Robert Bowers

Ydessa Gallery

Viewing Station, the oldest sculpture in Robert Bowers’ recent show, was built a little over a year ago. Constructed to look like the public-service boxes of rock salt which dot Toronto in the winter, Viewing Station was meant to be placed in Clarence Square Park for a few months. Square and green, the box has translucent plexiglass apertures along one side, and a clear plexiglass hole in the top. Inside is a tableau of a room.

This piece embodies concerns which are presented more succinctly in other pieces in the show. In all of these works, paradoxes of shelter and utility are created in order to heighten our awareness of the necessity of both.

But Viewing Station is hidden away in the back office. The first piece one encounters on entering the show includes a group of common household objects a chair, a table, a window, a silhouetted lamp—which are the heads of a set of long poles mounted horizontally on two sawhorses. (I was reminded instantly of the Shaker practice of hanging furniture up on wall pegs when it was not in use.) The poles and the sawhorses contribute to an atmosphere of practicality, but simultaneously conspire to nullify the very utility to which the objects refer by putting them on show. The objects become emblematic of their potential use. Rendered iconographic, they successfully amplify the utility they represent, and at the same time challenge it.

Similarly, in a number of drawings which accompany this show, useful objects are flattened into icons. Tables, stools and armchairs become two-dimensional indicators of themselves; their function is compromised. Lamps are not plugged into sockets in these skeletal, gray-grounded landscapes. They appear to throw no light—and yet they illuminate dark boulders. The boulders—a symbol for shelter which appears in almost all of Bowers’ work—are also flattened.

Two drawings hung facing each other have sets of windows in them. These two are the most masterful and developed of the drawings, and the least dependent on narrative. To stand between the two opposed drawings is to stand in a room described by their opposing windows. Though they are separate drawings, in looking at them one recalls the room of Viewing Station—but in this case, is inside the room.

Heart Throb, is a large closet which extends out from the wall into the gallery. Inside the closet is a light which, when it is turned on, reveals a solitary shovel; the shovel is too heavy to lift. Again, this can be seen as a symbol for a functional object; the usefulness of the object is pointed up by the impossibility of using the symbol. The shovel sits in a closet which is not a closet, a shelter which is the idea of shelter.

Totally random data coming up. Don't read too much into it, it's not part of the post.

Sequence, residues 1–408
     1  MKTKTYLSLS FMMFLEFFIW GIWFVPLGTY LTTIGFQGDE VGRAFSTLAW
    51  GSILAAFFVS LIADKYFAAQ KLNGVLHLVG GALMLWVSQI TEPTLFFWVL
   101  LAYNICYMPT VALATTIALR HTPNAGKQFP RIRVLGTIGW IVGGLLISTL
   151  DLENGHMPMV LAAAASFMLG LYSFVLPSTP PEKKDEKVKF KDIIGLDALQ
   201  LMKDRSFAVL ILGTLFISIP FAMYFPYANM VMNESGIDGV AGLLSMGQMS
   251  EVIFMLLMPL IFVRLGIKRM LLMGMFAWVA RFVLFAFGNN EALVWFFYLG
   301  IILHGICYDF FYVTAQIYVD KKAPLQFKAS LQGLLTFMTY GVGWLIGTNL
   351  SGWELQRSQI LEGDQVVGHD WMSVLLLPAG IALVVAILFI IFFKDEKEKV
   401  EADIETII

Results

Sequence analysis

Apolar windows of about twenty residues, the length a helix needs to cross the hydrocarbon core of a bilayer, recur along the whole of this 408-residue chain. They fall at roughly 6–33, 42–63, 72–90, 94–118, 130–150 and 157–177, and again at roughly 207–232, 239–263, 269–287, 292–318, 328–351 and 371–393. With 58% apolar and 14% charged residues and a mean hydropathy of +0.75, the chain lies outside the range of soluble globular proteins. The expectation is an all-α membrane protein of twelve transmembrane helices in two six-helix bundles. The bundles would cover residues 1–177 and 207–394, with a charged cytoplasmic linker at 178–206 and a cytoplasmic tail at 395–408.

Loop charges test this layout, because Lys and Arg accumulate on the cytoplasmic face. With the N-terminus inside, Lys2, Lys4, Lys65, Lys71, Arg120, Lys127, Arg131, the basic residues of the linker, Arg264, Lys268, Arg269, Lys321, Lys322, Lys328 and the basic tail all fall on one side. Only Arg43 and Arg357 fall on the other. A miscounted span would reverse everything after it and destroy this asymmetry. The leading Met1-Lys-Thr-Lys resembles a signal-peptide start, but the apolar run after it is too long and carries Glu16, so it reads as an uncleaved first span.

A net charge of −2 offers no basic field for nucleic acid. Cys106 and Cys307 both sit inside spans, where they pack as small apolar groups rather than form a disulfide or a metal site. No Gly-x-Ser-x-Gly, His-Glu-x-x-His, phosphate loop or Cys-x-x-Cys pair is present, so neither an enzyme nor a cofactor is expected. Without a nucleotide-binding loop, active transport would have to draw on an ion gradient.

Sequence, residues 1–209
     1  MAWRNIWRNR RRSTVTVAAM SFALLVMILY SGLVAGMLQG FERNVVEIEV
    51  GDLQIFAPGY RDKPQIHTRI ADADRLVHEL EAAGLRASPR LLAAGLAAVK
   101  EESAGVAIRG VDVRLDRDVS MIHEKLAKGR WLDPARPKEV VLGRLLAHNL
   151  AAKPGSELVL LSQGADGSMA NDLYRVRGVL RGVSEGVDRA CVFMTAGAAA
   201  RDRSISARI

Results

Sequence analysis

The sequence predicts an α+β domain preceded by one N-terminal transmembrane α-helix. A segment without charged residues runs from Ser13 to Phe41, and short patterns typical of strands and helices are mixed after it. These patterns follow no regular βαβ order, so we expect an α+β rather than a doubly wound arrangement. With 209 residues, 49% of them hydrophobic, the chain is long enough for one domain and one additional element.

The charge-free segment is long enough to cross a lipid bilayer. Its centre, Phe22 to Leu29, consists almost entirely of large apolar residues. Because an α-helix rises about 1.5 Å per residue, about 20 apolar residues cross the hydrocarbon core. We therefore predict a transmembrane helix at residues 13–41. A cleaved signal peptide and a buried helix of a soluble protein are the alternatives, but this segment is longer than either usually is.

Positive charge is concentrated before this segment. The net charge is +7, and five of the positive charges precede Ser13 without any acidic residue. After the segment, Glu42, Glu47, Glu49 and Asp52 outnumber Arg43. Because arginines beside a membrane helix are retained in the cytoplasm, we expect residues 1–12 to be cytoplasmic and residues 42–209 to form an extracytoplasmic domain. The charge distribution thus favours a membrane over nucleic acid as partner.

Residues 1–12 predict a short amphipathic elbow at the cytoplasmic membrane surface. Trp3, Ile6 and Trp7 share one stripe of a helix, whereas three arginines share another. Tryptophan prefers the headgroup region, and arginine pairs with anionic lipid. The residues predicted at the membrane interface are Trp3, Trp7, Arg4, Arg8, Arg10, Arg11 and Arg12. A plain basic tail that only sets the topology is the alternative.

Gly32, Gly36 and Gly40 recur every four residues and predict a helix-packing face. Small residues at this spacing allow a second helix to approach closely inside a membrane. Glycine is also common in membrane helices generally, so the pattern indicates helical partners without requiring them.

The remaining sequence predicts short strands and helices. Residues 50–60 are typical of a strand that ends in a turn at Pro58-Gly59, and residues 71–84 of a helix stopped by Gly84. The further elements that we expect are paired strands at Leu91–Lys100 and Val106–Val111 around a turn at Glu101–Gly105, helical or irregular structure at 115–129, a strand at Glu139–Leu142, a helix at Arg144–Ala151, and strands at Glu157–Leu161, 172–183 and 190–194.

Sandcastle, a huge raft built on oil drums is the most spare and carefully composed of all the works in the show. At one end of the raft is a large canopy with a green fiberglass roof, of the kind one sees at summer cottages and in garage breezeways. Under the canopy a bench is riveted to the raft itself. At the other end of the raft is a small hut, a “sandcastle” made out of metal, with four entrances through which one can stick one’s hands, as a child might have while building crude sandcastles. Weighing about 500 pounds, though, Bowers’ massive sandcastle is both stately and permanent. It is independent and free, able to float where it will, Sandcastle is a shelter for the contemplation of shelter, at once expositive of the world outside it and establishing of the individual inside it. To sit on the bench of the raft is to infuse the crude sandcastle with ritual, to admit that it embodies the original shelter, and to make it waver between having ultimate utility and being an ultimate symbol. But the canopy and bench are a place of ritual as well and therefore also waver; they are a shelter for the fixed meditation upon the object which symbolizes them. These two shelters are in a still and contingent dialogue.

The themes of Bowers’ other pieces are distilled in Sandcastle, and its extraordinary grace in turn informs the other pieces in the gallery. In Bowers’ work, conjecture leaves the place between the artist and the work to reside in the works themselves.

Martha Fleming